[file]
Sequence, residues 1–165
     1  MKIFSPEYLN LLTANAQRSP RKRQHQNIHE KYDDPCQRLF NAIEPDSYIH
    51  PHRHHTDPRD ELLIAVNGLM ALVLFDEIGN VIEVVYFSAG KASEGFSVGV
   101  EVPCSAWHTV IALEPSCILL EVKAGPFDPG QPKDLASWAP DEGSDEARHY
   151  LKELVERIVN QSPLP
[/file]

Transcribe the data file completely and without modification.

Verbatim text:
Sequence, residues 1–165
     1  MKIFSPEYLN LLTANAQRSP RKRQHQNIHE KYDDPCQRLF NAIEPDSYIH
    51  PHRHHTDPRD ELLIAVNGLM ALVLFDEIGN VIEVVYFSAG KASEGFSVGV
   101  EVPCSAWHTV IALEPSCILL EVKAGPFDPG QPKDLASWAP DEGSDEARHY
   151  LKELVERIVN QSPLP